How would you feel if the police arrested kids all over our country to jail for just crossing the street the wrong way or pushing another kid on the playground? That is what is happening to many underage juvenile all over the United States; they are being sent to adult prisons for crimes that do not deserve such severe punishments. Why they were tried as adults is an enigma and we will explain why this is a terrible injustice. In 1899 children in between the ages of 7-14 were believed they were incapable of committing criminal intent. The court system back then believed that if enough evidence could be gathered to convince a jury, the underage person would be convicted and sent to an adult prison.
Well, according to Craig and Glick (http://www.yale.edu/ynhti/curriculum/units/2000/2/00.02.07.x.html#h), there are three causes behind juvenile delinquency. These are 1) careless or inadequate supervision by the mother or surrogate mother; 2) erratic or overly strict discipline; and 3) lack of cohesiveness of the family unit. A more strict and firm discipline action can be taken to help reduce a child becoming delinquent. So what are some of the crimes that juveniles commit? Well, in some instances, that depends on the area and the teens upbringing as well as their surroundings.
It is true that teens sent to an adult prison disciplines them. There are many cases that involve murders, rapists, and other criminals that are being released from trials without being tried as an adult. Teenagers should be able to know the difference ... ... middle of paper ... ...in jail for a long period of time may lead them into becoming better criminals. Anna Aizer of Brown University and Joseph Doyle of the Massachusetts Institute of Technology researched and compared lives of imprisoned teenagers and non-imprisoned, and how it affected them in life. In their research they found out that young offenders who were incarcerated were sixty-seven percent more likely to be in jail by the age of 25 than similar young offenders who didn't go to prison.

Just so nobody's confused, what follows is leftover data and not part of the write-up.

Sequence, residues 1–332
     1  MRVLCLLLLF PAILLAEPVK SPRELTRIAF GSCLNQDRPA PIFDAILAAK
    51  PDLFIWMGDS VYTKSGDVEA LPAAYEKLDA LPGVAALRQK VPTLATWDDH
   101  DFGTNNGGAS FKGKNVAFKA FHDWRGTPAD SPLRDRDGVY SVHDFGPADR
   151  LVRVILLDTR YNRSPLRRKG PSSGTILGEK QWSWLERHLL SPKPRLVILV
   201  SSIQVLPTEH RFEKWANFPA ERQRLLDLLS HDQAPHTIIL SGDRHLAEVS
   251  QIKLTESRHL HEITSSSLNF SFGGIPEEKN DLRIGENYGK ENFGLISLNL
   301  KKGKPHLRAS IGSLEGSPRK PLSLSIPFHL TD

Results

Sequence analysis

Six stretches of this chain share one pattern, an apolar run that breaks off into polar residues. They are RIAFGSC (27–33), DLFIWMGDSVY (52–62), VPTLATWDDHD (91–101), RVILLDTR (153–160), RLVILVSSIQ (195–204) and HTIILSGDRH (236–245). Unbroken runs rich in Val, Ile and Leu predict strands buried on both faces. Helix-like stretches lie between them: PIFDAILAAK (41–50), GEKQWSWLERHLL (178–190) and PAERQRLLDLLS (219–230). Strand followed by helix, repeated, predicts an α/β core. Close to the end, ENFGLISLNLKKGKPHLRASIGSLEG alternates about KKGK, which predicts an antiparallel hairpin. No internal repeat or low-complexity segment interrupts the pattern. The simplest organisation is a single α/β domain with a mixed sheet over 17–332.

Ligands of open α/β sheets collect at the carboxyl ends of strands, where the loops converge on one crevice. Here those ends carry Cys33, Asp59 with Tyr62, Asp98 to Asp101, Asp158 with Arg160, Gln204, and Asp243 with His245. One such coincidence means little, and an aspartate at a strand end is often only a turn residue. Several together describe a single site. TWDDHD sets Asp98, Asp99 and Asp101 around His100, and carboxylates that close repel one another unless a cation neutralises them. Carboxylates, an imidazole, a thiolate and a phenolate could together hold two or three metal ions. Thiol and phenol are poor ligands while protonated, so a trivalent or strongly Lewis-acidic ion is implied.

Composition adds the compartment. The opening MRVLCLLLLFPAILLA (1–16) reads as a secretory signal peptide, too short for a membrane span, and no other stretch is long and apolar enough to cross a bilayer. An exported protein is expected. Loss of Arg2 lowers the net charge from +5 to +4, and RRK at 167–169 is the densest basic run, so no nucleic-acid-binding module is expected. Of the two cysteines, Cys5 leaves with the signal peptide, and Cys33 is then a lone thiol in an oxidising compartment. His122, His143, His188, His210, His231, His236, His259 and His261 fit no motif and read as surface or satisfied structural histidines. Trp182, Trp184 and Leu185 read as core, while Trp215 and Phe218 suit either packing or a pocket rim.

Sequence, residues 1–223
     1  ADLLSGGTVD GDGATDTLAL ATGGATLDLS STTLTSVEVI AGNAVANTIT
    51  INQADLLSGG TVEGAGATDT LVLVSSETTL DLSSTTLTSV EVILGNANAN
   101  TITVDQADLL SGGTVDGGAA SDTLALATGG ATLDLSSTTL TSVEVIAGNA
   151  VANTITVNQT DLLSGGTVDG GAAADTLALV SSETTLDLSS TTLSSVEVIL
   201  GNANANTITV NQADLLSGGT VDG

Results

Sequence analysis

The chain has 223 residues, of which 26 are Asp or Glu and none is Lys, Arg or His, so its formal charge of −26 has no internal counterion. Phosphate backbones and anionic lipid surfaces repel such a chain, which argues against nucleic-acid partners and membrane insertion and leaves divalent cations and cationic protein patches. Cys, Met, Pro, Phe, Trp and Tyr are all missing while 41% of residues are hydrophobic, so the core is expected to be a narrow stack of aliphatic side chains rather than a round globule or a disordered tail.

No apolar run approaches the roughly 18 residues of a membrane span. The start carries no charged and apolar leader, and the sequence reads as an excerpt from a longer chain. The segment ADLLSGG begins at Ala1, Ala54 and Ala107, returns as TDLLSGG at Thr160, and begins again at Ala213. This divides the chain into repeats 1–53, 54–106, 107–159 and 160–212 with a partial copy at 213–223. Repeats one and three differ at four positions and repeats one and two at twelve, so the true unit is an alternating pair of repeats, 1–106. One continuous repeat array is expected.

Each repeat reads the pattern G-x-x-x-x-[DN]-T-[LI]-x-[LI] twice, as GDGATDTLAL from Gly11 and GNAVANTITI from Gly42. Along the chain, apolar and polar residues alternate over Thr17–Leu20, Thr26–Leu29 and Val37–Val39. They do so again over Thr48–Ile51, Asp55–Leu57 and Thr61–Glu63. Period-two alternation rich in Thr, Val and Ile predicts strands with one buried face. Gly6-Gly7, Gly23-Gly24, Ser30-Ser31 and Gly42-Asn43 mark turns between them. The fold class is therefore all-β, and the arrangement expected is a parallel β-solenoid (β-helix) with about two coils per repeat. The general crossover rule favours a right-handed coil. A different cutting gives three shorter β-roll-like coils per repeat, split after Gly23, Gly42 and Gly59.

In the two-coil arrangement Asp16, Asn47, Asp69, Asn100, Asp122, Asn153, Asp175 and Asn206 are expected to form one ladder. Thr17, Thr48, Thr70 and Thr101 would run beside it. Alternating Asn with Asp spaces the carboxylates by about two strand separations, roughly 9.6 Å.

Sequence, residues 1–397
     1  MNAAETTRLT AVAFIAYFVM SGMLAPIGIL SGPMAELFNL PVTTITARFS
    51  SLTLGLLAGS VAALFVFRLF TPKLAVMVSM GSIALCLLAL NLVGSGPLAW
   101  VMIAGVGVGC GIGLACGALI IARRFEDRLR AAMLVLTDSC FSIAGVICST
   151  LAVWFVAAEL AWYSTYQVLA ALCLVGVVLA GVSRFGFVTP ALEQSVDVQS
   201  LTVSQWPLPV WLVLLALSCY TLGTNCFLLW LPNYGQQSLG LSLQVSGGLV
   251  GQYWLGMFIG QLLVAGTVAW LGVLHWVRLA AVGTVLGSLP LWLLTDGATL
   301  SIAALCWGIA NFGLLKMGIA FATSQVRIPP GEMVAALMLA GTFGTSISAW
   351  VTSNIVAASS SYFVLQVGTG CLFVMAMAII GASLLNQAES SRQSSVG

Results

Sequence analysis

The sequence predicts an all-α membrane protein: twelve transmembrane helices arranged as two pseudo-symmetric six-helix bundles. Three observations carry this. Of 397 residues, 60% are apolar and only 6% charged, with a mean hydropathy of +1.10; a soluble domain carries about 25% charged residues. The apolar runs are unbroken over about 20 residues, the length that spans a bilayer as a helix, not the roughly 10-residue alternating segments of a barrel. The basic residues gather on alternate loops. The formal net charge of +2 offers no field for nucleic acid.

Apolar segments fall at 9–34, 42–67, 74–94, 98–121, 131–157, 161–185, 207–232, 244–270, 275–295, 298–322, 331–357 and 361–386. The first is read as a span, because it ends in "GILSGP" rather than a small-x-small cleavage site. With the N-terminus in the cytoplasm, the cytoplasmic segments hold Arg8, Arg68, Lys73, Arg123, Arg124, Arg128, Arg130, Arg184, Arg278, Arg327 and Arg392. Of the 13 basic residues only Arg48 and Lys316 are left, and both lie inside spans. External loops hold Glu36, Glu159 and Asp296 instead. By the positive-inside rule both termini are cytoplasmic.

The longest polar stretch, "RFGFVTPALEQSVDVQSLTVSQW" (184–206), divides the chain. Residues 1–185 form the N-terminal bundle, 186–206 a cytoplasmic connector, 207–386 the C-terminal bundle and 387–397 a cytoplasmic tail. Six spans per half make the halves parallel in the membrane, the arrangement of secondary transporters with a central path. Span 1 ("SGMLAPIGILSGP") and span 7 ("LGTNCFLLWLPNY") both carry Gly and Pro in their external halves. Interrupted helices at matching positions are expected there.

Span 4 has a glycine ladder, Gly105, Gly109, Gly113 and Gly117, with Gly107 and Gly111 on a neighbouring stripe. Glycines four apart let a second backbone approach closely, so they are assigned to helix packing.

Alexus Ellis English 11 Mrs. Murphy 12 February 2014 Should Juveniles be tried as an adult? In some states “Juvenile” is the age of seventeen and younger. All states are different juveniles can also be an adult anywhere between 15 or 18 (Merrefield). If any juvenile commits a crime that an adult would get charged for and get served prison time a juvenile should as well. If the juvenile has committed crimes such as murder, possessing any illegal drugs, or maybe did something to get fined, they should pay the amount of money like an adult.
There are some crimes that involve more than one juvenile. All will be arrested if the police know of the identities of such individuals. The arrest may include an adult, in which he or she will be charged as an adult in the adult system, juveniles in juvenile system. If the offense if severe, the District Attorney can seek transfer on the youth to the adult system ("Juvenile Statistics 2008,” 2011). In 2008 simple assault arrests for males have decreased by 6%, increased for females by 12%.